Presenting an operation that culminated in the seizure of the Tanzania-flagged freighter "Andromeda" and its cargo of explosives, Greek coast guard officers on Wednesday said the ship had been a "moving bomb that could have had unforeseeable repercussions on people and the marine environment."
A special operations squad seized the vessel and arrested the freighter's eight-person crew in waters off Agios Nikolaos, Crete a few days earlier. The freighter, which was sailing from Turkey to Libya, was loaded with 29 crates of explosives and other materials that could be used to construct bombs used in terrorist attacks, such as detonators, ammonium nitrate and a special gel.
The crew, which included two Ukrainian nationals, five Indian nationals and one Albanian, gave conflicting accounts under questioning and the skipper admitted that he had been ordered by the ship's owner to sail to the Libyan port of Misurata and not Djibouti, the destination listed in the ship's itinerary. Coast guard officers also found no naval charts for the Djibouti and Oman areas, which were listed as the cargo's destination, on the bridge.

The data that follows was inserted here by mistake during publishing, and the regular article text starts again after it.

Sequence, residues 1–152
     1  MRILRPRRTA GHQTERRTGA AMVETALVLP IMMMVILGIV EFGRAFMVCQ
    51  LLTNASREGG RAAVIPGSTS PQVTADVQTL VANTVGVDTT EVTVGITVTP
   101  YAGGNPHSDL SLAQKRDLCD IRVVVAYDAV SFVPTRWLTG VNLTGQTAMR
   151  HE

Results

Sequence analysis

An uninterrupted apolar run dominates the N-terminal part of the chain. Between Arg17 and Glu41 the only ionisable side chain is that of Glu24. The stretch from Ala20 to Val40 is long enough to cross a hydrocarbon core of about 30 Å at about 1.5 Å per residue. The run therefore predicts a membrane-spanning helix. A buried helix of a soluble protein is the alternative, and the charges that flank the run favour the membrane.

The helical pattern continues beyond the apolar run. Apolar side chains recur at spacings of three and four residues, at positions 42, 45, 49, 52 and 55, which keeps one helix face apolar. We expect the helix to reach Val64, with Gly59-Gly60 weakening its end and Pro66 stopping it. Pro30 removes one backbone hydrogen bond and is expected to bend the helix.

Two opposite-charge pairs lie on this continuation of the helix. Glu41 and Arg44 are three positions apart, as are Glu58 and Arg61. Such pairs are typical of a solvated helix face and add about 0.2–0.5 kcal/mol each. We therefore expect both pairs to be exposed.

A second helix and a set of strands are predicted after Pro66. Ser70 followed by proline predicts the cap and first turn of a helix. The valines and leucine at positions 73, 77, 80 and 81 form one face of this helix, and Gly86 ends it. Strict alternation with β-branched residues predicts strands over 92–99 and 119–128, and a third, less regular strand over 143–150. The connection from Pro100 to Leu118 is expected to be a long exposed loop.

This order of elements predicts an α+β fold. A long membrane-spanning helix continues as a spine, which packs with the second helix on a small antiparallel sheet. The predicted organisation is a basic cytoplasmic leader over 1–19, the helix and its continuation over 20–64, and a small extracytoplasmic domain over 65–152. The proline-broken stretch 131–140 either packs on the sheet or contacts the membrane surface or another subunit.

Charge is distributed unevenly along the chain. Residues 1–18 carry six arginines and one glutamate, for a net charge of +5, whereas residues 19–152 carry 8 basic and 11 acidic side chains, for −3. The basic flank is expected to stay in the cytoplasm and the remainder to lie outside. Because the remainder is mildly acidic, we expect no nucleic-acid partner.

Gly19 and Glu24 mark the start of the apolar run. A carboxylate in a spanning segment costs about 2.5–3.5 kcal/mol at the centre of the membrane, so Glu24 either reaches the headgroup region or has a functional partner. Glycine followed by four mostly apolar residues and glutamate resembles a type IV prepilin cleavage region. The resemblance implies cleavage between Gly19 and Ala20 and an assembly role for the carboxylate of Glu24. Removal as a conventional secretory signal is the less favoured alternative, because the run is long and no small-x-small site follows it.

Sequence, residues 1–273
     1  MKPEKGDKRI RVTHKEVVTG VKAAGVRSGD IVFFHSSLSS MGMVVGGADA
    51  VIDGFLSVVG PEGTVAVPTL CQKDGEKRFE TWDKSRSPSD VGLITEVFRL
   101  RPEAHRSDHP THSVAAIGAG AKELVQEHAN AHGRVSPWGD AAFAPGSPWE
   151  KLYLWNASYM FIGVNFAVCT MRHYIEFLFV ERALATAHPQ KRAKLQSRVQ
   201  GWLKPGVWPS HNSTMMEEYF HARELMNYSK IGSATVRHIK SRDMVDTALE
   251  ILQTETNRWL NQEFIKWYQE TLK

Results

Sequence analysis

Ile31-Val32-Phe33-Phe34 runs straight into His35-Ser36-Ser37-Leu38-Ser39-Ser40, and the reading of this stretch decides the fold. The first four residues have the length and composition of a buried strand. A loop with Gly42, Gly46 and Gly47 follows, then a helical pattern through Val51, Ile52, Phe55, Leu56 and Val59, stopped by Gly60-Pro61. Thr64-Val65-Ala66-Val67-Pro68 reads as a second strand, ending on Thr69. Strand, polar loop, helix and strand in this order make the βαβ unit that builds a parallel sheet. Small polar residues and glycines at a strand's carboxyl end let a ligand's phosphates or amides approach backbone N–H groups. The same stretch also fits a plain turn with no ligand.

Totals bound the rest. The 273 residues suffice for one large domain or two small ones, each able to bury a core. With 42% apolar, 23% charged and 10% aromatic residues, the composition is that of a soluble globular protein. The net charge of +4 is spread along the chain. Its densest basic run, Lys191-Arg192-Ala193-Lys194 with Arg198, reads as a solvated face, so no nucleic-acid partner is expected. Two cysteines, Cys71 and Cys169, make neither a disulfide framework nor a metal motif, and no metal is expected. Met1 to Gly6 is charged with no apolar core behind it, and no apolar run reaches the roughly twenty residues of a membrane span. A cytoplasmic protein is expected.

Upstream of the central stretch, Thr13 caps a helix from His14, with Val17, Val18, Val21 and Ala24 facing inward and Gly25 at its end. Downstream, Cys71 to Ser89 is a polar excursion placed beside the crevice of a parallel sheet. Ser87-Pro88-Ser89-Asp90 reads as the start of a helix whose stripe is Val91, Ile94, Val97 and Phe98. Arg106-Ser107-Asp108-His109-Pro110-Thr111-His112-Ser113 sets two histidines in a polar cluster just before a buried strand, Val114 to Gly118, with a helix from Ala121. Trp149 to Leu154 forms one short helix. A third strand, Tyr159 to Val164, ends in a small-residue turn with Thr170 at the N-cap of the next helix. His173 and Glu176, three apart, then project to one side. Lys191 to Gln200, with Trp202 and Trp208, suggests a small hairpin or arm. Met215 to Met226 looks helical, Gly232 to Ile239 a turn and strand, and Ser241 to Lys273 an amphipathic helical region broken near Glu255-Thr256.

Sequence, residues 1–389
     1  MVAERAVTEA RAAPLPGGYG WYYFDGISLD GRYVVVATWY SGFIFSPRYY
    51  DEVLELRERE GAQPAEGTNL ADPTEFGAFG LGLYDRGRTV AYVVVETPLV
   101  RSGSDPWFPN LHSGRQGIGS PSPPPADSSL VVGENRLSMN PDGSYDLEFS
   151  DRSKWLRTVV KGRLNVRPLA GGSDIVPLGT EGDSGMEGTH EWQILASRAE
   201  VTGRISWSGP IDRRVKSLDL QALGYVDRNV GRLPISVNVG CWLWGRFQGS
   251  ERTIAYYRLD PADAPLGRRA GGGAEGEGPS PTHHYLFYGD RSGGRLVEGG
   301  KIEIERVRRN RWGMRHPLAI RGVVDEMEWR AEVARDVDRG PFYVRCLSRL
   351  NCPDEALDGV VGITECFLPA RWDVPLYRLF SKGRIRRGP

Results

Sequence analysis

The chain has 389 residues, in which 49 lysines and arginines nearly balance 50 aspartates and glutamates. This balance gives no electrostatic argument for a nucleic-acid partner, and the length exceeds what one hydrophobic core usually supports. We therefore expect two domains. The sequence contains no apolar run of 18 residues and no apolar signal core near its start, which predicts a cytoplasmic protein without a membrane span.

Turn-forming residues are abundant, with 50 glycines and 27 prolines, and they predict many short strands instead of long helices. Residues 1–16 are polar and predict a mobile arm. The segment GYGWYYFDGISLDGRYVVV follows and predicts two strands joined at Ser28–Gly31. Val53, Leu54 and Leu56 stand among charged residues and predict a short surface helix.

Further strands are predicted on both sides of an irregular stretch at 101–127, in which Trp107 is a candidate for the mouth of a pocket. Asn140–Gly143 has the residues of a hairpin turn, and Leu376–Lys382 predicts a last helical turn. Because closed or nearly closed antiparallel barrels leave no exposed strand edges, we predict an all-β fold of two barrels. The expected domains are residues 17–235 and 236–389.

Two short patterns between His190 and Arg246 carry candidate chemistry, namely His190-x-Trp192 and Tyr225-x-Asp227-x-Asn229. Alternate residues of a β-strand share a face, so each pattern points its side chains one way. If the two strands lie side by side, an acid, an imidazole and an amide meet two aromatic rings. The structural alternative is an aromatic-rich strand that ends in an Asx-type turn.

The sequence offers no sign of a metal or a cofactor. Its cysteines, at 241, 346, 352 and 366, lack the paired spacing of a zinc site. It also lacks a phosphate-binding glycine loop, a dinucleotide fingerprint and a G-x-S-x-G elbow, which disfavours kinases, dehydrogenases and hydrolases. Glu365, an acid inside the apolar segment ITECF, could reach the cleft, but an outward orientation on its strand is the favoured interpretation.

The European Union has issued a directive that forbids the transportation and sale of arms and explosives to Libya.
The ship and ship's cargo were confiscated and the ship taken to the Cretan port of Iraklio, where an inspection revealed 102 serious issues with its seaworthiness that placed the safety of the crew at risk.
The crew will be led before a Piraeus public prosecutor on Thursday.
The ship is owned by the company Andromeda Shipping, possibly representing Greek interests. Authorities are also investigating other trips recently carried out by the specific vessel, which appears to have also approached ports in Cyprus.